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7 Reasons You Should Visit the Orkney Islands In Scotland

While you may have heard of the Scottish Highlands and the Isle of Skye, there are numerous reasons why you should visit the Orkney Islands in Scotland. It’s not simply for the stunning scenery!

The Orkney Islands consist of seven main islands and approximately 100 smaller islands. Vikings established there approximately 800 AD, and they became part of the Kingdom of Scotland in 1266.

They have some of the world’s oldest history, lovely sandy beaches, an amazing cathedral, and excellent museums. Hiking, golfing, kayaking, and fishing are all options.

If you enjoy fresh fish, the Orkney Islands are a must-see vacation.

Pay a visit to Kirkwall and St Magnus Cathedral.

Kirkwall and St Magnus Cathedral
Kirkwall and St Magnus Cathedral

Kirkwall is the capital of Orkney’s main island. With quaint shops and a colorful harbor, the city is modest and simple to walk around in less than 30 minutes. You can’t get lost, believe me.

The majestic St Magnus Cathedral, which dates back to the 12th century, should not be missed. St Magnus Cathedral is the only cathedral in Scotland that still houses the relics of its patron saint, and admission is free.

If you need to warm up, try some of the greatest whiskey at Highland Park Distillery, and on a sunny day, enjoy some Orkney ice cream.

Eat some of the freshest fish you’ve ever had!

I enjoy seafood and have eaten a lot of it in my life, but the scallops I had when touring the Orkney Islands were by far the greatest I’ve ever tasted.

You’ll find plenty of options on the menu, including lobster, crab, and several sorts of fish.

In fact, the food in Scotland is worth getting thrilled about! Don’t miss out on the top 12 meals to taste in Scotland.

Skara Brae is a UNESCO World Heritage Site.

Skara Brae
Skara Brae

There are a few neolithic sites on the Orkney Islands, and Skara Brae is a good place to start exploring them.

It may seem incredible, yet this location existed long before the Great Wall of China or the Egyptian pyramids. It predates Stonehenge by several centuries. Skara Brae was a bustling community.

Take a step back 5,000 years back in time to see Western Europe’s best-preserved Neolithic settlement, which clearly reveals how people used to live in nine subterranean stone dwellings connected by tunnels and illuminated only by whale-oil lamps.

Skara Brae has regular hours of operation, and I recommend purchasing your tickets online here. Skaill House, a medieval manor house near Skara Brae and the largest of the Orkney Islands, is also worth a visit.

Explore the Orkney Islands and compare the Ring of Brodgar to the Standing Stones of Stenness.

The following two neolithic sites are best understood in tandem.

The Stones of Stenness are now four standing stones up to 6m tall in a circle that once housed 12 stones. These incredible megaliths are located at the beginning of the Brodgar peninsula.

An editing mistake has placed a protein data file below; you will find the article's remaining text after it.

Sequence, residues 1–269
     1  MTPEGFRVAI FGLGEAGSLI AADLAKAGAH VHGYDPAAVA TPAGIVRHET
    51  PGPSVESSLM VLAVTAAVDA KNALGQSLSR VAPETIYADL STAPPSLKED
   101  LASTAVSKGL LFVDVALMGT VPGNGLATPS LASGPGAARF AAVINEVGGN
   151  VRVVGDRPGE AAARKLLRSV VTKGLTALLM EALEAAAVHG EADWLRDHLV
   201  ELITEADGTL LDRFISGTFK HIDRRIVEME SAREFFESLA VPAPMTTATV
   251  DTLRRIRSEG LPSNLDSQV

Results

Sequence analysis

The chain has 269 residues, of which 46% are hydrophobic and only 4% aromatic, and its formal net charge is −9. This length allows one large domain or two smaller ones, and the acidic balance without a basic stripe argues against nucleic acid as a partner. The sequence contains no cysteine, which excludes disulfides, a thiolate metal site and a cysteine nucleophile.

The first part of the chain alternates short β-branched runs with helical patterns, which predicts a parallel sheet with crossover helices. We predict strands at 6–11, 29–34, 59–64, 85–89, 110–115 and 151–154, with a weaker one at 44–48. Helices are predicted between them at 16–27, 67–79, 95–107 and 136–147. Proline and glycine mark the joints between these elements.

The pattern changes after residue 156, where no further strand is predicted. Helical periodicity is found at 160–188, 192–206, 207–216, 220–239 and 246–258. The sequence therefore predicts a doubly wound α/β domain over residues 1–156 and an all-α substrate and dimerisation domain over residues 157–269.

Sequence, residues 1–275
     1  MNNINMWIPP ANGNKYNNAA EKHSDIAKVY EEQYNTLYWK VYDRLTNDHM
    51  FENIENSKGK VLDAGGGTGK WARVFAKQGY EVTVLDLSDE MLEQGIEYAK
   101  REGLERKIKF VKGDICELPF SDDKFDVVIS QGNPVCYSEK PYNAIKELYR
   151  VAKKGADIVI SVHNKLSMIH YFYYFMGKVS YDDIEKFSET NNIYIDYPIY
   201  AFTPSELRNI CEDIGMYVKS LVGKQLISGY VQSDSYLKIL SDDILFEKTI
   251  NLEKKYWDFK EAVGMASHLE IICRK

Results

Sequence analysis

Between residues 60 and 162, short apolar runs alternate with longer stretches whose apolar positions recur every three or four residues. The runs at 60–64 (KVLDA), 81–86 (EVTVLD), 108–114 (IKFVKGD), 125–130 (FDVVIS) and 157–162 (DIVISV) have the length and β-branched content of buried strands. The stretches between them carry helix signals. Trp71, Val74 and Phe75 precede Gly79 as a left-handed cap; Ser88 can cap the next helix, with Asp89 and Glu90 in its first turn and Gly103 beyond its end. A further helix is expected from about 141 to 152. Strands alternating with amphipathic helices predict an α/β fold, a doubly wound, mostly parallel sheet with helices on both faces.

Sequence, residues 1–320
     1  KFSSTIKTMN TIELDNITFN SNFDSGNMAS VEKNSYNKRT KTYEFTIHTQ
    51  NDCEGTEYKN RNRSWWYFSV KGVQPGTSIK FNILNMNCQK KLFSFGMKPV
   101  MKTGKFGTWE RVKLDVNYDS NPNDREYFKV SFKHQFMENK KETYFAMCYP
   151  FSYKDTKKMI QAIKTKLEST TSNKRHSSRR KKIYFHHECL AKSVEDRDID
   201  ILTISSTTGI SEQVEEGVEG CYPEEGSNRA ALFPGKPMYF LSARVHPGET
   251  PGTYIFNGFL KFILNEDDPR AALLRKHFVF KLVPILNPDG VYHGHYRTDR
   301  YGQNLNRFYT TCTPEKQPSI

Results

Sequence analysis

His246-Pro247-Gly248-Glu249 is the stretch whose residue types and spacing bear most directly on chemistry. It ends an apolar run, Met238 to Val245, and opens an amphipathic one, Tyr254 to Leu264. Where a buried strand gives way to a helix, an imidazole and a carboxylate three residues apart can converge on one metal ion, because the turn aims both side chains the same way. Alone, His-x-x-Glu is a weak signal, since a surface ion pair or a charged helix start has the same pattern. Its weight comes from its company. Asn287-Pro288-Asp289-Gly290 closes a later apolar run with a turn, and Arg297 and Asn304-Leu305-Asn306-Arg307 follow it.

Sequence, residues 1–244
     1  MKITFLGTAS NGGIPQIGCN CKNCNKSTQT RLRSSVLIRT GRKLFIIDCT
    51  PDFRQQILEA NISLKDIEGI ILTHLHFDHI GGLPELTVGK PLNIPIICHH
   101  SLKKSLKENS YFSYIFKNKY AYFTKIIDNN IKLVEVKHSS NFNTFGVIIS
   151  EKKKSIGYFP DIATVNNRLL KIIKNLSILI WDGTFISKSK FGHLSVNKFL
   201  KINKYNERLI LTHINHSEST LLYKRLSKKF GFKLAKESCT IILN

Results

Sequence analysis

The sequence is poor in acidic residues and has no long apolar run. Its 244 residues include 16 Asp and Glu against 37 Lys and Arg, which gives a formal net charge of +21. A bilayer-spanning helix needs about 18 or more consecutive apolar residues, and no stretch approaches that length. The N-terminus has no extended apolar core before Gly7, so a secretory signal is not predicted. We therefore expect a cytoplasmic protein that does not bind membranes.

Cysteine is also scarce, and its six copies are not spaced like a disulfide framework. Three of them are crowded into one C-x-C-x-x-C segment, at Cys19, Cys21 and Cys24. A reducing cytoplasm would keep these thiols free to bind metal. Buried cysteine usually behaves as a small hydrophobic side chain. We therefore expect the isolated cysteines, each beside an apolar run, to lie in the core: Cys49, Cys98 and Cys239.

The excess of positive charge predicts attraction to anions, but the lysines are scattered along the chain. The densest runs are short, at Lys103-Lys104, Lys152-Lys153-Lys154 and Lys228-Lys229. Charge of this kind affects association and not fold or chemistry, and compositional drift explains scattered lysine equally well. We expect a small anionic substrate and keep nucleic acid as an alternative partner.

Their purpose is unknown, but we believe they were involved in activities and ceremonies that celebrated the link between living beings. Possibly to commemorate the Summer Solstice.

The Ring of Brodgar is the next intriguing sight to see.

According to one hypothesis, the Ring of Brodgar constituted a symbolic region for the dead, whilst the Standing Stones of Stenness signified life. As a result, the march from Stenness to Brodgar could be interpreted as a metaphorical journey from life to death.

The Ring of Brodgar is a large stone circle made up of 60 stones, 36 of which still stand today and may be approached rather closely.

Inside Maeshowe, you may see Viking carvings.

Viking  orkney
Viking orkney

Maeshowe is the best chambered tomb north of the Alps and a must-see on any Orkney Islands vacation. It was constructed circa 3500BC, and the entrance fee includes a guided tour.

From the outside, it appears to be a massive grassy mound, however when entering, you will discover a chamber made by a very competent individual.

The sun shines through the entry tunnel on the winter solstice, lighting the main cell’s entrance. How archaic people built this still baffles modern engineers.

Of course, the engravings on the walls from Vikings who broke into the tomb, most likely in search of treasure, are the main attraction for many visitors. They inscribed numerous messages into the stones inside.

The Museum of Orkney

Sir Robert Gordon established the Orkney Museum in 1814 in order to preserve the islands’ heritage. Today, the museum houses about 30,000 pieces, which are displayed in three main galleries. It is an excellent spot to visit on a wet day.

The Orkney Islands feel distinct from the rest of Scotland, and there appears to be a strong connection to Viking periods here.

The museum chronicles the narrative of Orkney from the Stone Age to the Picts and Vikings and all the way up to the present day.

Barriers to the Italian Chapel and Churchill

Drive down to the Italian Chapel for something new and learn more interesting information about WWII on the Orkney Islands.

The Italian POWs were allowed to build a Catholic chapel to commemorate their homeland. The Neo-Baroque exterior against the greenery is stunning, but you can also enter and enjoy the colorful ornamentation inside the church for £3.50.

One of the Churchill Barriers may be seen facing the chapel.

The barriers were built during WWII as a defensive precaution to keep enemy ships and submarines out of Scapa Flow, which hosted the majority of Britain’s fleet at the time.

On the Orkney Islands, four causeways have been constructed.

That’s all there is to it! Our top seven reasons to visit Scotland’s stunning Orkney Islands.

Maris Lopez
Maris Lopezhttp:////
Hey there! I'm Maris, an American girl who is passionate about adventure, the outdoors and all things travel!


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